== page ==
In 1915, Bob Fletcher acquired the Camp Grace property and construction began on the lodge. The following year, they opened for business with a July 4 picnic at Fletcher Park; they also complete the lodge that year. Between 1920 and 1940, Fletcher Park fell on hard times and was closed.
God moved Missionary Irvin Noyce to acquire Fletcher Park in 1940 to be a permanent home for Camp Grace. Ten years later, Irvin Noyce turned the property over to pastors Thomas and Weidenaar and the Fletcher Park Baptist Youth Foundation Inc began. Since then, God's grace has been evident at Camp Grace by the transformation of the hearts and lives of thousands of youth in southeast Wyoming. Yet the desire of the board was that God would use Camp Grace in an even greater way. In 1970, a house was built with the intent of hiring a director; it did not work out, and the house was used for a caretaker.
The board hired the first of several program directors, Terry Riegel, in 1994. The next 18 years were characterized by remodeling the facilities that God had given us. In the summer of 2012, God decided that Camp Grace needed a whole new makeover and allowed a fire to destroy a majority of the 16 buildings, burning almost 20,000 square feet of buildings. Today we have the opportunity to watch God do a miraculous work and rebuild Camp Grace so that it can continue to be a home missions ministry, using the unique aspects of the camping ministry to reach young people for the Lord Jesus Christ, strengthen families, and serve local churches.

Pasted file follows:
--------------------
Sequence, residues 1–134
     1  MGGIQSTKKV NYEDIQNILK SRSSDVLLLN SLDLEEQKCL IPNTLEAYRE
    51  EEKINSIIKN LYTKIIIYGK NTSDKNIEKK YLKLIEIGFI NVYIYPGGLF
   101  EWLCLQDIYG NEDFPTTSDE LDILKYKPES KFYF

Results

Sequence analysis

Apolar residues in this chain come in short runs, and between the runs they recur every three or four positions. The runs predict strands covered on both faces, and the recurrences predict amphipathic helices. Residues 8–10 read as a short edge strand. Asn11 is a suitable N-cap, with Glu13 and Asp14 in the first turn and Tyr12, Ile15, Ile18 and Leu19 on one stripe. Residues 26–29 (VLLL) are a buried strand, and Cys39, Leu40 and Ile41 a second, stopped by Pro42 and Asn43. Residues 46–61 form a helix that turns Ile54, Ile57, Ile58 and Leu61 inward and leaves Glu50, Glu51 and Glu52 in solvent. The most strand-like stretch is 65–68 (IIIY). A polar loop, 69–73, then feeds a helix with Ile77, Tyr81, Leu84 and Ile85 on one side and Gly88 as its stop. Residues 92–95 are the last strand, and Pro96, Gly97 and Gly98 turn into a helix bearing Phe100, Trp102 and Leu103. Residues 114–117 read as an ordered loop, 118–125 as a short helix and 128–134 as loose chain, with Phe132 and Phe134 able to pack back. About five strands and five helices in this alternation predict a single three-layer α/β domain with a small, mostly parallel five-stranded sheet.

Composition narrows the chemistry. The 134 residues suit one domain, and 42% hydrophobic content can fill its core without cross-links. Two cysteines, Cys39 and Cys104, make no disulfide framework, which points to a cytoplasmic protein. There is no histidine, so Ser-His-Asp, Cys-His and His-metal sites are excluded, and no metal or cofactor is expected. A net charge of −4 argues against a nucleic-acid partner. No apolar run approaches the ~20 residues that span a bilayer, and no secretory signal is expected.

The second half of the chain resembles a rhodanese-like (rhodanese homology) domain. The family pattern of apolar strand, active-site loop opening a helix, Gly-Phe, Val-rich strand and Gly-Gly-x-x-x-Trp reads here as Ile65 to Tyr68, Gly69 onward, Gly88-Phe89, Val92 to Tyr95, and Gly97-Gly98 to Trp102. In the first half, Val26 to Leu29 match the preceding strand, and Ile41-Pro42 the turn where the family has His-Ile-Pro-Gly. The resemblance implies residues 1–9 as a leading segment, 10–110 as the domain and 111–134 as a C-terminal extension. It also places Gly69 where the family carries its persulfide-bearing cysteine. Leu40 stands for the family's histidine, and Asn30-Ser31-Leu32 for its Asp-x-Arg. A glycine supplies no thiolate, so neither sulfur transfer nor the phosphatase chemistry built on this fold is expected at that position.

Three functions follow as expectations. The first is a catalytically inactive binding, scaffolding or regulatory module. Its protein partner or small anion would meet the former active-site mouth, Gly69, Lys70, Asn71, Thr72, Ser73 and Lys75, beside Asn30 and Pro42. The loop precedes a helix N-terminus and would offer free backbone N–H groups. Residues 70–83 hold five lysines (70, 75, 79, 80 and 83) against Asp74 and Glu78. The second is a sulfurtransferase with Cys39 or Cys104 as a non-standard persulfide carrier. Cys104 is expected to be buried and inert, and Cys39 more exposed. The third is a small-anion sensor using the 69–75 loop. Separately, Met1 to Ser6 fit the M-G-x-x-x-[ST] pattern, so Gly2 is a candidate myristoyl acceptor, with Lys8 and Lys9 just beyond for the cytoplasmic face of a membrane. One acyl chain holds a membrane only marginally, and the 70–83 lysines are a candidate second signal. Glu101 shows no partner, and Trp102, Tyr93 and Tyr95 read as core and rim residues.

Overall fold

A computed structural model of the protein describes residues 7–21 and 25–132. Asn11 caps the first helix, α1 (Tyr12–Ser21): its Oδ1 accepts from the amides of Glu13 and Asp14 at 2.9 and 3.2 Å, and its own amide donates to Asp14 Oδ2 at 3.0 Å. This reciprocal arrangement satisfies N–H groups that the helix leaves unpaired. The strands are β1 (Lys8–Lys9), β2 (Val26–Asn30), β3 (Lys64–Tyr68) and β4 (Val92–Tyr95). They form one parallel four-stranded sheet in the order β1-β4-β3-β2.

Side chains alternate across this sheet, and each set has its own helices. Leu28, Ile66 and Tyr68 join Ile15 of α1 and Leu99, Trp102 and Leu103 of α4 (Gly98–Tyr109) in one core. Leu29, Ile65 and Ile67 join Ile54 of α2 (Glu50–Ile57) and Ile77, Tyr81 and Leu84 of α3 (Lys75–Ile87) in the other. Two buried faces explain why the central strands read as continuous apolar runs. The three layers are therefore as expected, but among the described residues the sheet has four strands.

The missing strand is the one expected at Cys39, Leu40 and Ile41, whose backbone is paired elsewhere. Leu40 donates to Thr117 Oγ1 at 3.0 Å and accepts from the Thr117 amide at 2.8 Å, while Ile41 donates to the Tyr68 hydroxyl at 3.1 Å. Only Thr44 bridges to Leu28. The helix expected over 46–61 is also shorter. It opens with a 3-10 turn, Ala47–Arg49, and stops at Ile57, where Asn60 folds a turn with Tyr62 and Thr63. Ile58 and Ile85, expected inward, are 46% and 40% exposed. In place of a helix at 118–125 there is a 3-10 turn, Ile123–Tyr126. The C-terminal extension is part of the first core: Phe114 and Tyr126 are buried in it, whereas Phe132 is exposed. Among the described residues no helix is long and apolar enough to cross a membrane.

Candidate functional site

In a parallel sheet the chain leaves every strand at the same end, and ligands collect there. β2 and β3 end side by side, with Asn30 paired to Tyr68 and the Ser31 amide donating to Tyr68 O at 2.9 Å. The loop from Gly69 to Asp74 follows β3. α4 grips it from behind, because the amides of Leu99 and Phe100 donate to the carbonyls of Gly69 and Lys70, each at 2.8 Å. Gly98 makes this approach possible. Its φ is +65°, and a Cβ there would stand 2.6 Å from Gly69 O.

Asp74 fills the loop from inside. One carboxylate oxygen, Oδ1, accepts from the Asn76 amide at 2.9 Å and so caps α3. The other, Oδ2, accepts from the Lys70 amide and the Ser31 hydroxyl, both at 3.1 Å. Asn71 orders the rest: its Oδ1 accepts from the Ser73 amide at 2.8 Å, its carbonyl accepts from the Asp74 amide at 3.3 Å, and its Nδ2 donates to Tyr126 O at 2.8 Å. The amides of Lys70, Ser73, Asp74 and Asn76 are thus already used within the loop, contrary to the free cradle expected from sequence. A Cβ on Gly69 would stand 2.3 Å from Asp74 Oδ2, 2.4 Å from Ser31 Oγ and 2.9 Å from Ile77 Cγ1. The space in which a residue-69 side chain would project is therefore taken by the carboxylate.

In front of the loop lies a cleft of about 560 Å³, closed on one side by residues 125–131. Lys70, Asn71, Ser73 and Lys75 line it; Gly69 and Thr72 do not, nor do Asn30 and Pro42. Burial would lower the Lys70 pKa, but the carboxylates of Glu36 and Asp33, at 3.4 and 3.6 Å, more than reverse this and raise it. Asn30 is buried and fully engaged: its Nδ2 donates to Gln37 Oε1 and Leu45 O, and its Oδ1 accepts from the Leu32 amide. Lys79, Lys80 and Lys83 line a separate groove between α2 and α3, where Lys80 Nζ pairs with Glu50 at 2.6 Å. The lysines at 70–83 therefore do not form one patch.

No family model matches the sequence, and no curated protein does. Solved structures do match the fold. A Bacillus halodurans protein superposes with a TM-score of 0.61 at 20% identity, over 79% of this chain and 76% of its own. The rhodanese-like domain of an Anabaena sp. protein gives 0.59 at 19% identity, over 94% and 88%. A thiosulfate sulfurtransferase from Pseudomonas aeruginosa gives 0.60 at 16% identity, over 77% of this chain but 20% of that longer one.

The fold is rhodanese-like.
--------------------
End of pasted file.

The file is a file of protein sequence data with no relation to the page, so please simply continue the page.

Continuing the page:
One of the two cabins that didn't burn was the Lion cabin, an old log cabin of uncertain origin and possibly one of the oldest buildings at the camp. Because it was used as a home for a time, it may have been the first building constructed at Fletcher Park--maybe by the Fletchers between 1912 and 1915 as part of the Homestead Act of 1862 that allowed US citizens to apply to claim 160 acres (apparently both Mr. and Mrs. Fletcher claimed 160 acres in 1912) of government land and had five years to build a home and grow crops. If so, Lion cabin was where they stayed when they began construction on the Fletcher Park Lodge.
The other cabin that didn't burn, Bear cabin, was built in the mid 1960s when the campground was full and more cabins were needed to accommodate the number of campers. As we rebuild, we look forward to using the remaining original structures. The lodge chimney, old bathhouse, and cabins will be part of the new Camp Grace.